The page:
Rural Illinois hospital says 2021 ransomware attack partially to blame for closure

A rural Illinois hospital closure slated for the end of the week has been attributed in part to a multiweek ransomware incident the organization suffered in early 2021, marking what experts say is the first time hospital leadership has explicitly linked a shutdown to a cyberattack.

St. Margaret’s Health—a regional health network formed in 2021 when two hospitals, St. Margaret’s Hospital in Spring Valley and Illinois Valley Community Hospital in Peru, consolidated their operations—is scheduled to close all hospital, clinic and related facilities at both locations Friday at midnight.

In a video posted last month to Facebook, Suzanne Stahl, chair of St. Margaret’s Health’s parent organization SMP Health, warned employees and the community that the closure was on its way.

“Due to a number factors such as the COVID-19 pandemic, the cyberattack on the computer system of St. Margaret’s Health and a shortage of staff, it has become impossible to sustain our ministry,” she said in the video. “This saddens us greatly.”

Stahl noted that financial challenges have become commonplace across the nation’s rural hospitals, forcing some to close. There have been at least 10 rural hospital closures so far in 2023, up from seven during 2022, according to the University of North Carolina’s NC Rural Health Research Program.

SMP Health and OSF Healthcare have signed a nonbinding letter of intent for the latter to acquire the Peru campus and its related ambulatory facilities and clinics, Stahl said. OSF plans to reopen services at those locations at a later date.

SMP Health had been hit with a ransomware attack in early 2021, an incident that officials told NBC News prevented the hospital from submitting claims to commercial and public insurers.

“You’re dead in the water,” Linda Burt, vice president of quality and community service at St. Margaret’s Health, told NBC. “We were down a minimum of 14 weeks. And then you’re trying to recover. Nothing went out. No claims. Nothing got entered. So it took months and months and months."

Ransomware attacks against healthcare organizations have doubled from 2016 to 2021, researchers have found, and the average 2021 breach was estimated to cost about $9.2 million.

The attacks target healthcare organizations small and large, as was made evident late last year when a breach at CommonSpirit Health locked down IT systems at numerous hospitals for weeks and cost the large nonprofit an estimated $160 million.

St. Margaret’s Health’s shutdown marks a grim milestone for such attacks, though leaders at cybersecurity firms warn that similar repercussions are likely to follow among other vulnerable providers.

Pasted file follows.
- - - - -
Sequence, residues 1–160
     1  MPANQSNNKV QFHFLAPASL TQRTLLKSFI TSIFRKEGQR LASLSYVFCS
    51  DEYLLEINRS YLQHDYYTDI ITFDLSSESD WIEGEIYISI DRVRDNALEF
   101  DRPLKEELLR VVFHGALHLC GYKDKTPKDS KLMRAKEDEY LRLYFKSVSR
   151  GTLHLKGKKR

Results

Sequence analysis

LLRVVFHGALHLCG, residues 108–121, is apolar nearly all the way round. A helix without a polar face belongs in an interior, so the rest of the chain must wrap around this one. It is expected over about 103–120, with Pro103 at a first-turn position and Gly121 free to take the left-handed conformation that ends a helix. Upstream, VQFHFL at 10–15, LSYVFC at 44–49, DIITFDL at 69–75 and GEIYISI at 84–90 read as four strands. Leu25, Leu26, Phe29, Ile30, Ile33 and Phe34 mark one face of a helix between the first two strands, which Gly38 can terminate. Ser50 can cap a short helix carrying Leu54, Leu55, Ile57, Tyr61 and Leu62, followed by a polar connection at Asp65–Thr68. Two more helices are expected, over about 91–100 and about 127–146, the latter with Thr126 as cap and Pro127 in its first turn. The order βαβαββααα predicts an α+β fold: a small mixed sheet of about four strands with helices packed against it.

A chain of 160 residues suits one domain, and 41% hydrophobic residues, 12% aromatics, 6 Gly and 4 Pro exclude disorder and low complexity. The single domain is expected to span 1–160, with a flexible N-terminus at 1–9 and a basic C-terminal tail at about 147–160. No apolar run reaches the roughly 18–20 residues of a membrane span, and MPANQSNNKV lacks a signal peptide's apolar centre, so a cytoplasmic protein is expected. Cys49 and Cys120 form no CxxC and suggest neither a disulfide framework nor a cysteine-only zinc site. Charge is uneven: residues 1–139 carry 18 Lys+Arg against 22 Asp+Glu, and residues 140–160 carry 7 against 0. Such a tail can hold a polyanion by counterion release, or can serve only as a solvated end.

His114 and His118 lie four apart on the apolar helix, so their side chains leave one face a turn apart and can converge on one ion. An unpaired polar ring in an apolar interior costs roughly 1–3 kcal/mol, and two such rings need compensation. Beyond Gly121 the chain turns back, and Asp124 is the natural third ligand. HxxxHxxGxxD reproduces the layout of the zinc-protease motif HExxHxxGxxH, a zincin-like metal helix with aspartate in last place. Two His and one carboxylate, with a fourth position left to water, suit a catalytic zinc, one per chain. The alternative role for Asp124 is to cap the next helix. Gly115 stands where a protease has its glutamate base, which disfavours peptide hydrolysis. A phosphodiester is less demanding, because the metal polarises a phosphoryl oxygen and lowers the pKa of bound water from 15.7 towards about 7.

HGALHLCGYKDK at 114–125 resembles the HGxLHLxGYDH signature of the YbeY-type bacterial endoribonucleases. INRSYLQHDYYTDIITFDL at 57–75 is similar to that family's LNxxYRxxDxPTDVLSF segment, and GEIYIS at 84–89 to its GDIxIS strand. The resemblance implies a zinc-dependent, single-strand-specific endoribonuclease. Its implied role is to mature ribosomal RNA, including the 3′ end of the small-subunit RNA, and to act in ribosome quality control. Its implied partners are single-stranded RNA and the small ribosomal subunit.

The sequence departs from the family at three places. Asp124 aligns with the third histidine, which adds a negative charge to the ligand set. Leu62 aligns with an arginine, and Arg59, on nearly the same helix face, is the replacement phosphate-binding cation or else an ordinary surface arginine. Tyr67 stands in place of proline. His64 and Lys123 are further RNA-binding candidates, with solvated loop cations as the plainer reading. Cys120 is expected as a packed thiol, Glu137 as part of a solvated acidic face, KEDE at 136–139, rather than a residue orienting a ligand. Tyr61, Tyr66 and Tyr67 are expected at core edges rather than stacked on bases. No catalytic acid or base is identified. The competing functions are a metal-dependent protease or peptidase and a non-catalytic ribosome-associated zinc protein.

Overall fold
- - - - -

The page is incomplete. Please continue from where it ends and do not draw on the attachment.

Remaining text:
“It is gutting to see the closure of St. Margaret’s Health System in Spring Valley, IL. It won’t be the last,” Joshua Corman, vice president of cyber safety strategy at Claroty, said in an emailed commentary. “These ‘target rich, but cyber poor’ medium, small and rural hospitals may be one bad day—one ransomware incident away—from a path to closure.”

Corman also noted that the facilities most exposed to potential closures are often far from an alternative care site, placing their communities at greater risk when seeking care for “time-sensitive conditions where minutes or hours can mean the difference.”

Erich Kron, security awareness advocate at cybersecurity training platform KnowBe4, framed St. Margaret’s Health’s closure as a warning to other financially strained hospitals not to skimp on protection.

“This is an important thing to understand as in many organizations when finances become lean, it's very tempting to reduce budget for things like cybersecurity,” Kron said in an email statement. “Many organizations have suffered the effects of ignoring cybersecurity in favor of the bottom line, only to find out it was a poor decision.”

Hospitals that find themselves in this position can instead be “very intentional about where they spend their cyber budget” and target low-cost protections against high-frequency breach tactics such as email phishing attacks.

“While technical controls are certainly required, ensuring that employees are educated and trained on how to spot and report potential social engineering attacks quickly can be one of the most cost-effective ways to reduce the risk of a breach, however many organizations put little effort into this critical defense,” Kron, whose company offers such training, said.